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P273. Colonic confocal laser endomicroscopy findings in patients with primary sclerosing cholangitis

M. Iacucci1, X. Gui2, S. Ghosh1, R. Panaccione1, G. Kaplan1, J. Love1, M. Swain1, B. Eksteen1, 1University of Calgary, Gastroenterology, Calgary, Canada, 2University of Calgary, Pathology, Calgary, Canada


85% of patients with primary sclerosing cholangitis (PSC) suffer from coexisting IBD. Controversy exists as to whether IBD seen in PSC patients represents a different entity to those with isolated IBD and whether the remaining fifteen percent of PSC patients without IBD detectable with standard diagnostic tests truly have normal colonic mucosa. Confocal laser endomicroscopy (CLE) enables real time endoscopic assessment of crypt histology and mucosal vasculature. We report the colonic features seen at CLE of 15 patients with PSC with or without known IBD.


15 patients (10 male, median age 43y, range 20–71y) with PSC underwent colonoscopy with CLE (Pentax). Mayo endoscopy subscore were used to grade known UC patients and the SES-CD score were used to describe the white light findings in known CD patients. CLE findings were classified using a 4 grade classification of inflammation describing crypt architecture, vascular alteration and leakage of fluorescein. CLE images were collected for each segment of the colon and targeted biopsies were taken for matched histologic analysis.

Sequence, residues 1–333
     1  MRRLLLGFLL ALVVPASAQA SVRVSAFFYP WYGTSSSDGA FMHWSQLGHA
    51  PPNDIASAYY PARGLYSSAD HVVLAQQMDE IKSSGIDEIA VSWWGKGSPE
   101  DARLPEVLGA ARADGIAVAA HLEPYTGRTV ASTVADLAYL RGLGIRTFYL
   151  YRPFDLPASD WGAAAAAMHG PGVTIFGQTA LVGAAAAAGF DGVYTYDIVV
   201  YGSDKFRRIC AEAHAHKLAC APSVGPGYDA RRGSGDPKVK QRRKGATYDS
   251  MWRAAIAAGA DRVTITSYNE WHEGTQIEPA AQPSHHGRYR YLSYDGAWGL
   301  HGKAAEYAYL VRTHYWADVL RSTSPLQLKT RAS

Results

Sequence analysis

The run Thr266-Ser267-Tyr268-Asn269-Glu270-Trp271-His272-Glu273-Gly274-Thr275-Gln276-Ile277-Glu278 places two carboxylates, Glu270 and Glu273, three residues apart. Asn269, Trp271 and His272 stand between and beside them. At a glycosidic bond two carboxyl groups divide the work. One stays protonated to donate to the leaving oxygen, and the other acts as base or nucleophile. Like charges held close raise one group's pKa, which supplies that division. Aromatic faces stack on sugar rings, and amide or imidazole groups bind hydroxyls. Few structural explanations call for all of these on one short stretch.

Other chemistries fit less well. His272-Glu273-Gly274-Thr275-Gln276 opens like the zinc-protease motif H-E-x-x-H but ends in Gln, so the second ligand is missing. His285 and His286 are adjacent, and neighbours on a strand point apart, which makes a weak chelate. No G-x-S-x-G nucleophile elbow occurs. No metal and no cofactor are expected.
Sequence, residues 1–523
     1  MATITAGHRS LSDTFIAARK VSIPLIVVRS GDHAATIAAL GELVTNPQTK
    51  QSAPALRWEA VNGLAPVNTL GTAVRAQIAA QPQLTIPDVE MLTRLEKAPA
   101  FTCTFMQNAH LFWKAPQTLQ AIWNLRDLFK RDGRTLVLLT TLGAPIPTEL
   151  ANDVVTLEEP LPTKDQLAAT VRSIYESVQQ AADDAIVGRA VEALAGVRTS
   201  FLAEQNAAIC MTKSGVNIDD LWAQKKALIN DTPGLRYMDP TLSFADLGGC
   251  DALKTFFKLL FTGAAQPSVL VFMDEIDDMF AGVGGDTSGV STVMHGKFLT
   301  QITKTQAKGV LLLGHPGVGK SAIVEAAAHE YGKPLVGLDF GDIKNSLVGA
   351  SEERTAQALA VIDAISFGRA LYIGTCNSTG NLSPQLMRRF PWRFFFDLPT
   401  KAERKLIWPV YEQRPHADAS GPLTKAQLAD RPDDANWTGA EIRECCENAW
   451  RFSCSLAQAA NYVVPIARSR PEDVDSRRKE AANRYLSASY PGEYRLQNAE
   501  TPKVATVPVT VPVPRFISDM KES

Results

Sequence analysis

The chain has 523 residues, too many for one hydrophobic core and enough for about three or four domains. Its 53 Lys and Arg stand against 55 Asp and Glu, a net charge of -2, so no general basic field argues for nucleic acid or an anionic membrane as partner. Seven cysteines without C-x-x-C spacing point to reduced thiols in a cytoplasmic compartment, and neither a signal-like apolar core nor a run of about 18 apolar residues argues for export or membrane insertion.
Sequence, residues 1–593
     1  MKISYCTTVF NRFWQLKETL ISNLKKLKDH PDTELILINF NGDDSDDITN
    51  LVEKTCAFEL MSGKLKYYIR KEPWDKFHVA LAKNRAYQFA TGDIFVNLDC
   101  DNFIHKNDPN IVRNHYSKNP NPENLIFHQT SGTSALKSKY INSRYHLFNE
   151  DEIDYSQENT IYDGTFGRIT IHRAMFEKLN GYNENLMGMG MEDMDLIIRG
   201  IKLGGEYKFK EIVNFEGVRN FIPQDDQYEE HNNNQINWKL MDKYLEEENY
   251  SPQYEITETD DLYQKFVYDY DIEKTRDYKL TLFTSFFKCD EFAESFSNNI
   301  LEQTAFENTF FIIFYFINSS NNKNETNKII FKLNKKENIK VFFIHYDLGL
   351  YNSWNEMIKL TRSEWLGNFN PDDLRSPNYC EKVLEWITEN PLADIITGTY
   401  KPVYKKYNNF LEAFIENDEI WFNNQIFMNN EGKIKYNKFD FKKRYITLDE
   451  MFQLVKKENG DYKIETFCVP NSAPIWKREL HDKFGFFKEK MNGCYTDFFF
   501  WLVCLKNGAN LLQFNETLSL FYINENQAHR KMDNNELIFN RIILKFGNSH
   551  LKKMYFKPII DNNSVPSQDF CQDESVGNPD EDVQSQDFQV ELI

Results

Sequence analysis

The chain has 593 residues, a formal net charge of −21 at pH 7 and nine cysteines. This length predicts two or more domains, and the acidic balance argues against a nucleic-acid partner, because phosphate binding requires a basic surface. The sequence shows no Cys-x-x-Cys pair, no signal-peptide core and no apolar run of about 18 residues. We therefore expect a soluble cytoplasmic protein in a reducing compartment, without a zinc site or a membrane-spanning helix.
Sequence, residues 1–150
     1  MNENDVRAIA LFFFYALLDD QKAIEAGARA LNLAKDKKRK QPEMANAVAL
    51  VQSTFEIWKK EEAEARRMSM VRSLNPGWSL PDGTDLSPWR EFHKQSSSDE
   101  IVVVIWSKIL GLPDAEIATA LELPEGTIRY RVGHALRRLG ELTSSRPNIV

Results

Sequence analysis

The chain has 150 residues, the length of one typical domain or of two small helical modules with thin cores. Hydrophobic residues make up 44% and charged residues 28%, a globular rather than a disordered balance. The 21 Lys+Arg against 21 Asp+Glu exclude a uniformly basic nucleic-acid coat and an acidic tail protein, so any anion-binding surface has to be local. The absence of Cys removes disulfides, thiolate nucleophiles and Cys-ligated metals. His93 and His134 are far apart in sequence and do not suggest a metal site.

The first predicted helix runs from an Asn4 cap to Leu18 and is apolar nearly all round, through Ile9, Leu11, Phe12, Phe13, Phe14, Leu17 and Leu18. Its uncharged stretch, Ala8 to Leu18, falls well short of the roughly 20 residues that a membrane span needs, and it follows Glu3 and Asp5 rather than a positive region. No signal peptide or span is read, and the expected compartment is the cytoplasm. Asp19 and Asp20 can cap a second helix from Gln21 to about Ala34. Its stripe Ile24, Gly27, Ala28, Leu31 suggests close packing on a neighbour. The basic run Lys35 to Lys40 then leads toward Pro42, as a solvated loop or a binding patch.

Of the 15 PSC patients 13 had coexistent clinically quiescent IBD (6 UC, 7 CD). Absence of rectal inflammation based on CLE findings was seen in all 13 known IBD patients. Nine of the 13 IBD patients had moderate to severe inflammation in the right colon with irregular, decreased or necrotic crypts as detected by CLE. Two patterns of fluorescein leakage were observed. In 5 patients we observed leakage of fluorescein into spaces among epithelial cells or non-uniform abundant leakage of fluorescein in the lumen of the crypts associated with moderate to severe histological inflammation; In 5 patients we observed uniform leakage of the fluorescein in the lumen of crypts in the left side of the colon with normal crypts architecture and micro-vasculature in the absence of histological inflammation. Two patients, not known to suffer from IBD and had normal light microscopy findings were shown to have active inflammation by CLE with fluorescein leakage.


CLE is a powerful tool to capture sub-clinical inflammation in patients with PSC with or without co-existing IBD which is not detectable by standard light microscopy. CLE in PSC-IBD reaffirms the concept of rectal sparing in PSC with IBD. CLE performed with fluorescein is able to detect subtle alterations in colonic permeability in quiescent IBD and in PSC without IBD suggesting colonic barrier defects in these patients.